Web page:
A: .-, may resolve to leave his sins, and lead a new life, and walk in the commandments of God; and yet this may not be repentance: for mere' resolving to do a thing is not doing it; so a man's resolving to repent is not repentance. He must bring his good resolutions into act, or else he can have no certain evidence that his heart is altered; for this may be only a sudden passion of his mind, occasioned by some particular circumstance that has awaked him from his lethargy, and leaves no lasting impression hehind it, bat quickly evaporates, and he returns to bis old courses again... ? .. A wicked man may, notwithstanding the utmost care and foresight, be brought into imminent danger of his life, or be thrown upon a bed of sickness, which he apprehends to be his last ;, then his guilty conscience flies in his face, his past actions are exposed to view, and he is terrified with the apprehension of his approaching hour, and dreads the thought of launching into eternity loaded with guilt. Then it is that the vain mortal sees his misery, and is struck with the utmost horror at the prospect of being brought to the bar of heaven to answer for his actions. But when he is delivered from this danger, he forgets the solemn protestations he made to God of amendment, and madly returns to his former wicked courses. Can such a man as this be a penitent? Can he be said to repent? No, it is all worldly sorrow, arising more from the apprehension of his danger, than from a resolution to act better. The fear of the vengeance of God, as the just desert of his sins, makes him bewail his miscarriages, and promise a reformation. But when he is recovered, where are his good resolutions ? « Like a morning cloud, and as the early dew, they pass away.”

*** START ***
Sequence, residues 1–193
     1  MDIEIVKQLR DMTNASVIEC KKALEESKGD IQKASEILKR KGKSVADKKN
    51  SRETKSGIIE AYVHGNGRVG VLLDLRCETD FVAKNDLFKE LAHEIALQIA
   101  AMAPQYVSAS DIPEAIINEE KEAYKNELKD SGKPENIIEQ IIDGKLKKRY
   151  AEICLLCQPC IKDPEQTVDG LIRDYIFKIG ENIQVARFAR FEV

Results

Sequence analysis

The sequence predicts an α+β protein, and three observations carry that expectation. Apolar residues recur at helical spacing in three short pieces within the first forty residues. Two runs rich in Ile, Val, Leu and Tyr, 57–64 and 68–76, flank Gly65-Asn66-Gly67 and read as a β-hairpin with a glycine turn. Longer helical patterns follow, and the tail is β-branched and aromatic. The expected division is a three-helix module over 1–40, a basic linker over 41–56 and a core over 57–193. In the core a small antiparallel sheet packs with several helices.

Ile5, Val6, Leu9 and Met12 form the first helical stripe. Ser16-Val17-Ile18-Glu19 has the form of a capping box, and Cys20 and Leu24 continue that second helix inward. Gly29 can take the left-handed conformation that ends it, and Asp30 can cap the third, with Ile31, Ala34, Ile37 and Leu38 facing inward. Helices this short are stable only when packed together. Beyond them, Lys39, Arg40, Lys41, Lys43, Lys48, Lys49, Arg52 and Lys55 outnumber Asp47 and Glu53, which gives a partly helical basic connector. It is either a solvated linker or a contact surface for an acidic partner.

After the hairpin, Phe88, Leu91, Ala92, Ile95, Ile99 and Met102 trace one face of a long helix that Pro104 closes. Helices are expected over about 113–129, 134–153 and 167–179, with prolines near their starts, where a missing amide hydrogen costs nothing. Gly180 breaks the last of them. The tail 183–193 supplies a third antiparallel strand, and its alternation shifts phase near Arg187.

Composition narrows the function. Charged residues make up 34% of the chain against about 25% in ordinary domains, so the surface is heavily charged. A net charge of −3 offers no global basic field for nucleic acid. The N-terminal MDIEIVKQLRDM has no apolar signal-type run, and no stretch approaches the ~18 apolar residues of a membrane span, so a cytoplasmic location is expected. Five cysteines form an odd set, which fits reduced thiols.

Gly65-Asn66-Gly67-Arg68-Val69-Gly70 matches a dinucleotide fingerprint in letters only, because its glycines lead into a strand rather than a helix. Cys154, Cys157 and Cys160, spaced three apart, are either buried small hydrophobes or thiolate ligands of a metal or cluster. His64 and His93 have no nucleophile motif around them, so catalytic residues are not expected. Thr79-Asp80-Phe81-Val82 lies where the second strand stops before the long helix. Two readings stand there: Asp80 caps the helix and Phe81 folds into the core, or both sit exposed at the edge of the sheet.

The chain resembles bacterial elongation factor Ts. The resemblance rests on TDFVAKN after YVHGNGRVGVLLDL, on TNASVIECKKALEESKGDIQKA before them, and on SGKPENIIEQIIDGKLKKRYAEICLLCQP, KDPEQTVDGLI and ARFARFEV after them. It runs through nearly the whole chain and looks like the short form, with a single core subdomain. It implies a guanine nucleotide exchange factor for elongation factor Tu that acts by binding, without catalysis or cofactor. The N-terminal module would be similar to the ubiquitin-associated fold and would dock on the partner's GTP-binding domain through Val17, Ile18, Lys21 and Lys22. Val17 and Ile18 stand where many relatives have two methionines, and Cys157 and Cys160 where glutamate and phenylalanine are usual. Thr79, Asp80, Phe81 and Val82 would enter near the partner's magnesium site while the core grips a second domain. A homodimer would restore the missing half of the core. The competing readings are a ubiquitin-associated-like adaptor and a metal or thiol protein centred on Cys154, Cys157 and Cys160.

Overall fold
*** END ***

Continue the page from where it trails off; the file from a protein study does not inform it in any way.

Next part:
Such sorrow as this is not repentance, and if a sinner dies under such circumstances, he must be cternally lost and indone! In short, true repentance consists in a deep and unjeigned sorrow for our past sins, and an entire change of heart; productive of a holy and virtuous life; in order to which, the proud heart must be loumbled, every secret lust mortified, every evil thought checked, and every vicious habit rooted out.
We must earvestly implore parlon and forgiveness through the merits of Jesus Christ, and appear before our Judge as sinners that have forfeited our lives; bewail our miscarriages, promise amendment, and intreat God's grace to assist us in our good resolutions; and then, when we bring them into act, we need not doubt but that we have rightly performed the duty of repentance. I shall now,
Secondly, Proceed to remove some prevailing mistakes about this important duty.
And First, Some imagine their repentance is not sincere, unless it be accompanied with a great many tears, whenever they review their past actions, or when they are attending the public worship of God. But we very well know that there are many who.cannot shed a tear, though they are, at the same time, exceeding -sorrowful: and many can shed tears who have no sincere sorrow at all. We should always make allowances for constitutional heats, or melancholly.
Such as are of a melancholy cast, whenever